Dave Thomas Circle
Dave Thomas Circle in the L'enfant plan
Eckington, Northwest Washington, D.C.
Coordinates38°54′32″N 77°00′20″W / 38.90896°N 77.00549°W / 38.90896; -77.00549
Roads at
Florida Avenue, New York Avenue and First Street Northeast, with O Street Northeast and Eckington Place Northeast
TypeTraffic circle
Maintained byDDOT

Dave Thomas Circle is the unofficial nickname for a small triangular block in Northeast Washington, D.C., and the surrounding streets and traffic pattern. It is bounded by Florida Avenue, New York Avenue and First Street Northeast, with O Street Northeast and Eckington Place Northeast also terminating along the block. It is located on the eastern edge of the L'Enfant Plan.[1]


This section needs to be updated. Please help update this article to reflect recent events or newly available information. (November 2022)

The circle is a result of a gap in the original L'Enfant Plan. The plan ended where east-west O Street and north-south First Street reached Boundary Street (now Florida Avenue), where they met Tiber Creek, which was eventually buried and culverted over.[1] As development increased over time, traffic congestion increased. Until 2021, the only property on the block was a Wendy's fast food restaurant franchise and its parking lot, leading to the unofficial Dave Thomas Circle name, after the late Dave Thomas, who founded Wendy's in 1969 and served as its long-time spokesman.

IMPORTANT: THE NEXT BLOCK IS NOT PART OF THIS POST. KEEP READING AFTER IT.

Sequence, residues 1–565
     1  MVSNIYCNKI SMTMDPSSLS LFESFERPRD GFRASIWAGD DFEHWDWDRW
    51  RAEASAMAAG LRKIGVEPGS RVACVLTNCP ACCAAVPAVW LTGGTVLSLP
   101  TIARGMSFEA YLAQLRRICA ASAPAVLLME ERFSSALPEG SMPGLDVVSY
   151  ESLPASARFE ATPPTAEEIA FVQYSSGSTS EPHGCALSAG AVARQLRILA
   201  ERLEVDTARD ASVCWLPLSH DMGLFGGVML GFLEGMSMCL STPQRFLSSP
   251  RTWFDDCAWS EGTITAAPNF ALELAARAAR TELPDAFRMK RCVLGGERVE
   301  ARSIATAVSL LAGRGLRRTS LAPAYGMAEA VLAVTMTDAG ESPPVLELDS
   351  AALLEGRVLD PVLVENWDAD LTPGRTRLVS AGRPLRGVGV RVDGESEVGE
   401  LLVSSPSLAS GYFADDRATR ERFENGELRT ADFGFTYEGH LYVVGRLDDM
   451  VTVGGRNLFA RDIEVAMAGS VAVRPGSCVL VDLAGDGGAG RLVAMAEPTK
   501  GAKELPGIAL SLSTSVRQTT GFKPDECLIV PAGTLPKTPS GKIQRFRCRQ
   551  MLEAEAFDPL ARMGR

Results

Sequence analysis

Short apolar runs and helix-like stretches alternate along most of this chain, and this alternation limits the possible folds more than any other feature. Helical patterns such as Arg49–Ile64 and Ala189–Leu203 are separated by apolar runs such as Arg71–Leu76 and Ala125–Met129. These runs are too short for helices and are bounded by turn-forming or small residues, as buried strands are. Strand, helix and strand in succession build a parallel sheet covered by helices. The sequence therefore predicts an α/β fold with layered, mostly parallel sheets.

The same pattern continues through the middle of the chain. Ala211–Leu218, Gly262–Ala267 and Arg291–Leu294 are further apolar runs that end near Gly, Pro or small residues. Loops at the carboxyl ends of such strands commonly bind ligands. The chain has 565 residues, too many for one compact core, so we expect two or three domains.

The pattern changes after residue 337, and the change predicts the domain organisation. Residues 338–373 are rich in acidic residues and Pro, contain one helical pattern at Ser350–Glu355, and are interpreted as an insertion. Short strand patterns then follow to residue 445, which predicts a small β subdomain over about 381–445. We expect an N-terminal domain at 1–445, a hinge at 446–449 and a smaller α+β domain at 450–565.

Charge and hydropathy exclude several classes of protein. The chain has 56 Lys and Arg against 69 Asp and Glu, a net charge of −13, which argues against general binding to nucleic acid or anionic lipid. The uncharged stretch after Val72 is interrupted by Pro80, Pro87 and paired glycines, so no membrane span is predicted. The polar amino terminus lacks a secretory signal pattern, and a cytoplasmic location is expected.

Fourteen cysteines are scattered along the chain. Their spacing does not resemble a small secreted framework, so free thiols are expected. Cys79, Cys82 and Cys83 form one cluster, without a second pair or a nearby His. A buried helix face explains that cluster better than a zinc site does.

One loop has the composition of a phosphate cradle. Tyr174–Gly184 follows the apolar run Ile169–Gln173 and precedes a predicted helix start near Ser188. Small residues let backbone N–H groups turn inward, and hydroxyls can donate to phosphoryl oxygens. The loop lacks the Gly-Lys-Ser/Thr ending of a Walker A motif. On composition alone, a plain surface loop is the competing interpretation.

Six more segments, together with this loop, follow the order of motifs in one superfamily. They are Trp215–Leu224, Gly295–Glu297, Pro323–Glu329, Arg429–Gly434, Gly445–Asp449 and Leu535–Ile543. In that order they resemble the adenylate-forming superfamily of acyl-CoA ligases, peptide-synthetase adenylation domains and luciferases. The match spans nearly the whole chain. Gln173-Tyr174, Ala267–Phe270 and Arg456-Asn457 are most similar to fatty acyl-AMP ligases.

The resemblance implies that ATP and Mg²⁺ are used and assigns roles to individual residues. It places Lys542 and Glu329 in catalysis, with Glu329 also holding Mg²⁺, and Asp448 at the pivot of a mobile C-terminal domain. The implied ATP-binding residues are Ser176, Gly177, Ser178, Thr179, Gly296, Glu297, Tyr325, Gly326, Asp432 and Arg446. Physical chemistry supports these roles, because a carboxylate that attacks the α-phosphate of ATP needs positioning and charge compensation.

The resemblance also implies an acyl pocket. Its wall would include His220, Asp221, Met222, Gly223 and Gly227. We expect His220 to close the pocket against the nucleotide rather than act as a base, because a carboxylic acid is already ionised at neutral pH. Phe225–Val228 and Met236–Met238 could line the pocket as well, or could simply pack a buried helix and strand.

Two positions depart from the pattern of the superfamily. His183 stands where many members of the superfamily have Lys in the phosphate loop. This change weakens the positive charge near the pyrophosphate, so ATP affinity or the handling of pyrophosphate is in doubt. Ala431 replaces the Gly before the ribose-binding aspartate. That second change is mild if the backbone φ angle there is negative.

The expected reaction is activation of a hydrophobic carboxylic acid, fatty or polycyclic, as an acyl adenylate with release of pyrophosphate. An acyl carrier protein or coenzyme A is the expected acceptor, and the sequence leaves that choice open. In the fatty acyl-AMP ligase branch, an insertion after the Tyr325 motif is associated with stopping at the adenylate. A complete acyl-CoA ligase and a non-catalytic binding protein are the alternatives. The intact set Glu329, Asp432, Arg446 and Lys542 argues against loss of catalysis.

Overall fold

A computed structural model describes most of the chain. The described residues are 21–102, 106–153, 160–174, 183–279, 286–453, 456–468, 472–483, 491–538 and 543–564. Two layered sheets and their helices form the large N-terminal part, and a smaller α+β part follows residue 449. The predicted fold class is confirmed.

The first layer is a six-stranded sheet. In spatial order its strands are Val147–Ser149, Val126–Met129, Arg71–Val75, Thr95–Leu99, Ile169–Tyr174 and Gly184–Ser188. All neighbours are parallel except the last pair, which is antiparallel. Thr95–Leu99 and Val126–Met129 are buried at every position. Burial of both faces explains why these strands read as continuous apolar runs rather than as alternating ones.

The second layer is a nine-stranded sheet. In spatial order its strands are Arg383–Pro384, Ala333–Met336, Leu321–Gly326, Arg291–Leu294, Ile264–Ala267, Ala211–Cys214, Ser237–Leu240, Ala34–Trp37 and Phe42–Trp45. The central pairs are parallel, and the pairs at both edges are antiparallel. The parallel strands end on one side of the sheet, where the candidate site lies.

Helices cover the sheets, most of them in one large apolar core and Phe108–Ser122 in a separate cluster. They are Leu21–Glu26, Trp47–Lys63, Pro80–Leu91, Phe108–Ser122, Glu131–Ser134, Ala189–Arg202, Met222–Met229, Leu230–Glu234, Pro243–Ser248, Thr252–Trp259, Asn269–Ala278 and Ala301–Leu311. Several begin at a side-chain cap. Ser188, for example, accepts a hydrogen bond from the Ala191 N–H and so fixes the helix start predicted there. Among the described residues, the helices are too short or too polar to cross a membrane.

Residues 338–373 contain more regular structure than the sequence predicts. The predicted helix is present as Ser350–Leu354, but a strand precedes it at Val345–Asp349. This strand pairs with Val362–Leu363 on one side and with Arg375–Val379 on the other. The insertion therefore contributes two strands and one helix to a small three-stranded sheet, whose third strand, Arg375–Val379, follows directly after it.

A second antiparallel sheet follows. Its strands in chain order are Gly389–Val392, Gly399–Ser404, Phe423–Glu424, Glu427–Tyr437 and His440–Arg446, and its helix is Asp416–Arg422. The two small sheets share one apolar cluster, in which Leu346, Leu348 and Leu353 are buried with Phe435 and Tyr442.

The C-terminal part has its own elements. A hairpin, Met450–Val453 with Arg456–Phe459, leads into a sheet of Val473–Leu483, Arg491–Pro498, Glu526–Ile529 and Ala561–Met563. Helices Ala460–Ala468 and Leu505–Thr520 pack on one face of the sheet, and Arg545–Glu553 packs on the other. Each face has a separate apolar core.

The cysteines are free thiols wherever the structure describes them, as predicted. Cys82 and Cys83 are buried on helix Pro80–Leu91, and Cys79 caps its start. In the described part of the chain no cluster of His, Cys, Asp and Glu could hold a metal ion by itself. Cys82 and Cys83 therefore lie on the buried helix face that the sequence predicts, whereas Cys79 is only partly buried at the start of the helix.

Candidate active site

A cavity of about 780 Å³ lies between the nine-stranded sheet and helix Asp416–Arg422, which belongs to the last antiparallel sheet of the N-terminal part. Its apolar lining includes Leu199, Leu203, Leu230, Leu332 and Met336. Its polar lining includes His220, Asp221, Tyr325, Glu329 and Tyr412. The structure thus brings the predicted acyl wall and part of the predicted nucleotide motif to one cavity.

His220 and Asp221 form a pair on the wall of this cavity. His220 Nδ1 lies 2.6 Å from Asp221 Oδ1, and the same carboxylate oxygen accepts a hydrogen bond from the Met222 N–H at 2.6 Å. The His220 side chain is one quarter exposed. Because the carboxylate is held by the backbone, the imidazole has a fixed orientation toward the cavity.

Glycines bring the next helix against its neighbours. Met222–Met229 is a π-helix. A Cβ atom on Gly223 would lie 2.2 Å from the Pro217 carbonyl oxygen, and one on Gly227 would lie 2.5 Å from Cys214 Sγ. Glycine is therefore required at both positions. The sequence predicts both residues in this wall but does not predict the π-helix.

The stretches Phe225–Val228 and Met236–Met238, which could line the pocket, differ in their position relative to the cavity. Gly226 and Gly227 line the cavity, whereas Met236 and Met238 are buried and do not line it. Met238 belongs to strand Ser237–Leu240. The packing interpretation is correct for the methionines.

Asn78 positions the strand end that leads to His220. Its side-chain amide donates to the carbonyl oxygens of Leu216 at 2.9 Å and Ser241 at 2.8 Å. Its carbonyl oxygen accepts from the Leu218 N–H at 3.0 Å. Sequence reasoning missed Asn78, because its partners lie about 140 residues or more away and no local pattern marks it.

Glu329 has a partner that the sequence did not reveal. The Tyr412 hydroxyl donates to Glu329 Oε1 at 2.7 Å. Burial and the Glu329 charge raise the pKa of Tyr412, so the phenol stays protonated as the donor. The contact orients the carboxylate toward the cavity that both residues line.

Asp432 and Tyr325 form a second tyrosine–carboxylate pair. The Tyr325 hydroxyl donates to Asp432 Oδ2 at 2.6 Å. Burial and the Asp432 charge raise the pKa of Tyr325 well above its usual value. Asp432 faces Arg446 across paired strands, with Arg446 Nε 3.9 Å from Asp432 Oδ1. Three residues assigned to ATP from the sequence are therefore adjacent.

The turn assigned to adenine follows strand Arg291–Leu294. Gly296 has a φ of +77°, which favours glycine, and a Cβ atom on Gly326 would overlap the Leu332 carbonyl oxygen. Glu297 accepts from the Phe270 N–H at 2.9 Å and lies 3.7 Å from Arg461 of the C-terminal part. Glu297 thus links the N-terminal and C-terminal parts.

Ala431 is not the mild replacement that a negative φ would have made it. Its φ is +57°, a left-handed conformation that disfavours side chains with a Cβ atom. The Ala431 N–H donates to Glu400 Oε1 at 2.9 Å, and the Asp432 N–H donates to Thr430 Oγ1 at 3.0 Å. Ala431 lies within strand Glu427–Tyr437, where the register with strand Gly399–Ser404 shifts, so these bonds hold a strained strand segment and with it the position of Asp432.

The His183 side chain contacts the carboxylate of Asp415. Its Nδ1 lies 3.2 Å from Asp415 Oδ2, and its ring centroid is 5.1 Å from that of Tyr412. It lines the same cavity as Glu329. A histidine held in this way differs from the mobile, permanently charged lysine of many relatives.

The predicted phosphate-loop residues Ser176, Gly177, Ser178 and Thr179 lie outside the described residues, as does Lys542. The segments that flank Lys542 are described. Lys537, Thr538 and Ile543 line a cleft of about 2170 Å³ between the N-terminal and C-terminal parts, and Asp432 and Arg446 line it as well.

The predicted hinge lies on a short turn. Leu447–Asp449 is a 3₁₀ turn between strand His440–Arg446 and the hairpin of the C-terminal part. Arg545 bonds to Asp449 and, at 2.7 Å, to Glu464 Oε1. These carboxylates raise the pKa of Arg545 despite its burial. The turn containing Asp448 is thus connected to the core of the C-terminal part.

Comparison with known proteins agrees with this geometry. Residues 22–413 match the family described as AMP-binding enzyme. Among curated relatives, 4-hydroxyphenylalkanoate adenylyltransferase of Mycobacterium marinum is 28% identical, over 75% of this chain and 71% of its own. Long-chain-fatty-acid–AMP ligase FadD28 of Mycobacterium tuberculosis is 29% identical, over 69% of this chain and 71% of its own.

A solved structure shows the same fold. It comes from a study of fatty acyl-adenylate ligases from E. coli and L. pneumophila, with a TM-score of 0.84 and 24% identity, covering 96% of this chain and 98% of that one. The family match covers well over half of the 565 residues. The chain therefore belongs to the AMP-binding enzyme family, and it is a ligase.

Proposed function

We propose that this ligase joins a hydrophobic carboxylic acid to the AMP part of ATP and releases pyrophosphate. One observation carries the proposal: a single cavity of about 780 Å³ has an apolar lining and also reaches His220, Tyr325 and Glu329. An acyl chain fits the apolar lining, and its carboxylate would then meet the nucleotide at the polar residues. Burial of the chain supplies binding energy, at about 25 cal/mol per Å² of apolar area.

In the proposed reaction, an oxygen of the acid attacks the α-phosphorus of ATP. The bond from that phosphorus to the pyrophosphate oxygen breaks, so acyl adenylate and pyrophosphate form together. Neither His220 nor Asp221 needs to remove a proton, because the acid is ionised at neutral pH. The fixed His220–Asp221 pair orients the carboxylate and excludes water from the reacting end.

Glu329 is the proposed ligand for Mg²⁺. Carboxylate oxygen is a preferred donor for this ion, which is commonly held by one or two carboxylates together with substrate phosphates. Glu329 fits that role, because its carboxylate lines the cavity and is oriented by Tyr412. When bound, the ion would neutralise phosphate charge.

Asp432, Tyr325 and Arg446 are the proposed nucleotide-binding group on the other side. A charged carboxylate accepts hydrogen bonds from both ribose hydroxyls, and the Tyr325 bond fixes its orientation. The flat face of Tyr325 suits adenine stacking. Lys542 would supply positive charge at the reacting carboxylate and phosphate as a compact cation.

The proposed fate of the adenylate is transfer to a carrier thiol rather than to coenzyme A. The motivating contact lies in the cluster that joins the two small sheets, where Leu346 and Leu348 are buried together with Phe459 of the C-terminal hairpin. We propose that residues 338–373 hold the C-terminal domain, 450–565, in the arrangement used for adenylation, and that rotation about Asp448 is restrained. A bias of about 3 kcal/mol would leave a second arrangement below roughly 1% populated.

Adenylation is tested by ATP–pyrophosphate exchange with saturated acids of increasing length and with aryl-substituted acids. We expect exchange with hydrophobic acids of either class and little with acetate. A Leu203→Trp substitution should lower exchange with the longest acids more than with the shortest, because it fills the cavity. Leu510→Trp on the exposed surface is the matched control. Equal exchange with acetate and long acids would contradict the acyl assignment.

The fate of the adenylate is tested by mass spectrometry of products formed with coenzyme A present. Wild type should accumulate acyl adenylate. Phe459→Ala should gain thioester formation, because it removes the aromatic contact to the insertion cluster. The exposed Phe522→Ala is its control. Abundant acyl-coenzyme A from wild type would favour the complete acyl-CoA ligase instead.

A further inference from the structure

A 2010 project by the city's Department of Transportation made each of the streets one-way around the block, similar to a traffic circle. The department calls the traffic pattern a "virtual circle."[2] In 2019, Washington, D.C. Mayor Muriel Bowser asked for $35 million for the city to buy the Wendy's and reconfigure the intersection to eliminate Dave Thomas Circle and make it better for motorists, pedestrians and bicyclists.[3]

In 2021, the District Department of Transportation acquired the Wendy's restaurant and property through eminent domain to enable the city to demolish the building, rebuild the intersection and eliminate the circle, with the exact design yet to be determined. The city plans to start construction in early 2022.[4][needs update] The restaurant closed on September 21, 2021, with the franchisee vacating the building fully by September 30.[5]


  1. ^ a b Zak, Dan (December 26, 2017). "What's a Wendy's doing there? The story of Washington's weirdest traffic circle". The Washington Post. Washington, D.C. Retrieved March 21, 2019.
  2. ^ "Florida Avenue Multimodal Transportation Project" (PDF). District of Columbia Department of Transportation. 2016. Retrieved March 21, 2019.
  3. ^ Kurzis, Rachel (March 20, 2019). "The City Just Got One Step Closer To Seizing The Wendy's In The Middle Of Dave Thomas Circle". DCist. Washington, D.C. Archived from the original on March 22, 2019. Retrieved March 21, 2019.
  4. ^ Hedgpeth, Dana (February 2, 2021). "D.C. acquires 'Dave Thomas Circle' on New York Avenue through eminent domain". The Washington Post. Washington, D.C. Retrieved February 2, 2021.
  5. ^ Weil, Martin (September 17, 2021). "Days dwindle to precious few for Wendy's at key D.C. intersection". The Washington Post. Retrieved September 18, 2021.